In between our mothers and fathers lies us.
We set out to be our own people. And then there comes a moment – maybe quickly, maybe in our middle age, maybe later – when we turn around and think, “I have become my parents.” However much we may try to insulate ourselves, it is true that we are turning into our parents in strange and insidious ways. In our ways of looking at the world. Ourselves. In our ways of being happy, sad and everything in between. In our ways of living and loving. That’s the treachery of inheritance. Research says that 32 is the age when it usually happens. I am way past that, so I am sure I am a huge blob of dichotomy by now. Albeit a happy one.
When we were kids, Sunday mornings were about dosas. Actually, every other day was about dosas, but Sundays was when we could have them leisurely, all crisp and brown, ghee-roasted and paper- thin. My mother would be in the kitchen, doling them out one after the other, keeping up with the collective appetites of three kids. As we crunched on the ghee-roasted crispiness, we would bellow requests to the kitchen. “Make the next one light brown, not dark brown” Or “Don’t fold the next one please, I want to fold it.” Sometimes, our neighbours would smell the dosas and step in uninvited. I often wondered how my mother kept pace, since I am sure we ate faster than she made them, despite having two tavas on. Very often, by the time we were done eating, the batter would be over, and my mother would be seen eating the ‘rejected’ or ‘burnt’ ones. I would ask her why she hadn’t ensured there was enough for her and she would say, “When you children eat, I feel like I have eaten.”
When I became a mother, I realised this was the biggest load of bullshit ever. That if mothers have martydom written on them, it is their own doing. Perhaps that’s why mothers are more scarred by parenthood than fathers are. They start putting themselves on the back burner and some never reemerge.
I started baking after Re was born. Whenever I made a batch of cookies, I ate the crumbs and gave him the best pieces. I felt like my mother, although she never ate what she baked. A few weeks ago, a friend came visiting and got me mawa cakes from Kayani’s. Re staked his claim to them. I was a bit despondent, because sometimes, you want your treats to yourself. When it was down to one, I asked him if we could share it. He refused and proceeded to eat it all by himself. Once he was done with the exciting brown top half, he handed it back to me saying, “Okay, you can have it.” I felt cheated. The next time mawa cakes came to the house, I kept three aside for myself and ate them all alone. It felt good.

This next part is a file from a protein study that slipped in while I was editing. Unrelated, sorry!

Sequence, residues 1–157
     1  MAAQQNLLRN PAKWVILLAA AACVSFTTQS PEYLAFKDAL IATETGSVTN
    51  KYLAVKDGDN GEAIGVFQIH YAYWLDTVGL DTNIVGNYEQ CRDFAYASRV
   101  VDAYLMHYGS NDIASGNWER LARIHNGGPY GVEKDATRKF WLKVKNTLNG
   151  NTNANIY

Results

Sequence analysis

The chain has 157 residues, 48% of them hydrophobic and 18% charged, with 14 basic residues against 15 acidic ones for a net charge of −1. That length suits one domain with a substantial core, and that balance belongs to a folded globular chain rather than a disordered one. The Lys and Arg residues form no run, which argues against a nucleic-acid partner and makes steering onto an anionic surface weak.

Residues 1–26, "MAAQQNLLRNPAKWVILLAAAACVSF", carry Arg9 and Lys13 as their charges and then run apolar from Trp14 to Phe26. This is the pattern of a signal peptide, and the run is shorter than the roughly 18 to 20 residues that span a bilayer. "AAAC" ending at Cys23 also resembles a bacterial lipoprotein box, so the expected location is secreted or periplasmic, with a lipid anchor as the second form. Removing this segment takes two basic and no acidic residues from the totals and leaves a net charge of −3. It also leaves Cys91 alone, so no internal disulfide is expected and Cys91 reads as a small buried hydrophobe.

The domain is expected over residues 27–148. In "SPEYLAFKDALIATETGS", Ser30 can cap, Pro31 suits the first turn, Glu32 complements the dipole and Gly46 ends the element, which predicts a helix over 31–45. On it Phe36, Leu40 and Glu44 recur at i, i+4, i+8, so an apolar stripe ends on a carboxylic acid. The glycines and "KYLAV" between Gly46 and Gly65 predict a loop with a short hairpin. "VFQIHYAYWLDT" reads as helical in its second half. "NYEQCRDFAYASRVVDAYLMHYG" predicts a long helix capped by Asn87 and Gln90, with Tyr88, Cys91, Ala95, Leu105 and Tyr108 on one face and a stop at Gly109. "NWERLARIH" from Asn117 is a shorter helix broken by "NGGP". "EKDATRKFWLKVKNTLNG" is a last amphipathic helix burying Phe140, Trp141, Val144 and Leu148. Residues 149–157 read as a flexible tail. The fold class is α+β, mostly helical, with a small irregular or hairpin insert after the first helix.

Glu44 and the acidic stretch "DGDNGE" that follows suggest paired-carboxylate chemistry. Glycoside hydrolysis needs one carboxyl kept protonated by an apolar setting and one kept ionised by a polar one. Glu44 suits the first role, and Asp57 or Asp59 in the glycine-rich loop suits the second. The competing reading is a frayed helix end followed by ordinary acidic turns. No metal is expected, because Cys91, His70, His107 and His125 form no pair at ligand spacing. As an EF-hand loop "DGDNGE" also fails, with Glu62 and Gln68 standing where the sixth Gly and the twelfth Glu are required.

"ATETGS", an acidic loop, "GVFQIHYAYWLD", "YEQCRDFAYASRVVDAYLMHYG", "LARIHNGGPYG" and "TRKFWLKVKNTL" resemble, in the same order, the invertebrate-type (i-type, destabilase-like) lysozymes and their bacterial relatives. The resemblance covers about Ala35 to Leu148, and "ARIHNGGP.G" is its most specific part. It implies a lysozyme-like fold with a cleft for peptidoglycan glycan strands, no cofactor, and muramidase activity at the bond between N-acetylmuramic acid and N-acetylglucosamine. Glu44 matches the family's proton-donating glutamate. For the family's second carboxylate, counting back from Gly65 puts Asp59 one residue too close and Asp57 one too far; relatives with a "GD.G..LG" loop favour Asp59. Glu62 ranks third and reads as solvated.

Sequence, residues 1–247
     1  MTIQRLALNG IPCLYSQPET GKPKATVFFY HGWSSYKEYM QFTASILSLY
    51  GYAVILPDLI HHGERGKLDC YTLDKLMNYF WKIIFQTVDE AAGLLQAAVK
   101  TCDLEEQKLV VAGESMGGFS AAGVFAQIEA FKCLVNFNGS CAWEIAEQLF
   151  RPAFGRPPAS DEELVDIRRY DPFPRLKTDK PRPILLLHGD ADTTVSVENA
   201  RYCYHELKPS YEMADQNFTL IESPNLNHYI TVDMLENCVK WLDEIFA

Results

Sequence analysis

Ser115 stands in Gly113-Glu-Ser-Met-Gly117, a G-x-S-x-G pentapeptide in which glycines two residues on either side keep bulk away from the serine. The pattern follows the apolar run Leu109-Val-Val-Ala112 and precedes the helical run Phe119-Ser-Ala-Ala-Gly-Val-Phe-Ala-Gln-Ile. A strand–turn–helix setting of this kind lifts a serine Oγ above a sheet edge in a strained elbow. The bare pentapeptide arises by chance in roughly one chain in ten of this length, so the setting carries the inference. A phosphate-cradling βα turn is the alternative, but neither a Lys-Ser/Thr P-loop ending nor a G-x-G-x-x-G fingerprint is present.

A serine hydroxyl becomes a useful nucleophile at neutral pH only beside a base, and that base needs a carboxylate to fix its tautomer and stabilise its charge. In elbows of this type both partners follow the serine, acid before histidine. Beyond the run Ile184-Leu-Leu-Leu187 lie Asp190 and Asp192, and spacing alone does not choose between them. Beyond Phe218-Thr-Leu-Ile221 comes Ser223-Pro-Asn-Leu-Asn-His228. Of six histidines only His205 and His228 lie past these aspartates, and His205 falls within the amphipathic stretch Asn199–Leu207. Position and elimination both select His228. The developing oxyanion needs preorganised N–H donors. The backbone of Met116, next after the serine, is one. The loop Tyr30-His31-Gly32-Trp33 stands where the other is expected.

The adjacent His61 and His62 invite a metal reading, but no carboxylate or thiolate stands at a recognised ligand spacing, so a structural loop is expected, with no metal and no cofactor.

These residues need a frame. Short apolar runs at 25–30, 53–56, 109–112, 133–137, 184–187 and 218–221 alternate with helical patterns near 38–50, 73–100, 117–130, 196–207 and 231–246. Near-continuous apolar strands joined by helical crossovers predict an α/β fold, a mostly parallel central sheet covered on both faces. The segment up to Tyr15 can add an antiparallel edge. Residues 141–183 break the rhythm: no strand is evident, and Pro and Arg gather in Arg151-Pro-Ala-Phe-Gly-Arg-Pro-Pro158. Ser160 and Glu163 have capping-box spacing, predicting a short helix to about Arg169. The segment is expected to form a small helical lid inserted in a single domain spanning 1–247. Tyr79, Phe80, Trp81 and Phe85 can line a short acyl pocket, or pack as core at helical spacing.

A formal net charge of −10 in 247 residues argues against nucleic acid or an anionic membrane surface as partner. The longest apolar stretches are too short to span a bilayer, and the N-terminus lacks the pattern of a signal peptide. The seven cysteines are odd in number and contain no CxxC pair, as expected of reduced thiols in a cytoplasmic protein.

I remember my years of singledom in my cute little apartment that I always loved coming back to, shopping for produce, planning meals, deciding what I wanted to eat.
“How can you cook for just one person?” they would ask. It was as though doing things just for the pleasure of it was an indulgence.
My father gave us a childhood full of journeys, never mind if some of them never made it to the destinations. Our means were limited, but our hearts were full and our lungs always had more oxygen than they could handle. He got off platforms and missed trains, he forgot to confirm reservations, he made us ride back from Dhanolti to Dehradun on a truck laden with peas, as we missed the only bus for the day (we ate a lot of peas on that ride). He spelt wanderlust.
At 74, my father left home to pursue his dream of becoming a farmer. When he showed up at the ration office to get himself a separate ration card, he was reprimanded for abandoning his family and leaving his wife in her old age. He waited all his life for his ‘someday’, but when he exercised his option, he was written off.
I exercised mine much earlier. And almost in the tradition of my father, I was abandoning the known for the unknown. Leaving something I could do in my sleep to doing something I had no clue how to. Like my mother, there is frugality even in my dreaming. But like my father, I take my chances and there is method in my madness. He is still the young-at-heart, living-life-to-the-fullest guy. My mother is still the one who worries for all of us. I am somewhere in between, the worrier and the liver in equal measure. I think they did good.
We all need to claim our crusts back. We need to stop eating crumbs and broken cookies and demand the whole brownie. We all need a place in the world we don’t have to share with anyone – children, parents, siblings or spouse – to find the essence of us.
My father called me a few weeks ago and asked me,”How’s life?” He was at his farm, I was on my hill. “I heard about your new adventure,” he said. “It must be so thrilling!” Yes, I said. When I am I seeing you? “Let me finish my harvest. I will hop on a bus and come there. We can share stories of our adventures,” he said.
I can’t wait to.
This post first appeared as my column in Pune Mirror on September 15, 2014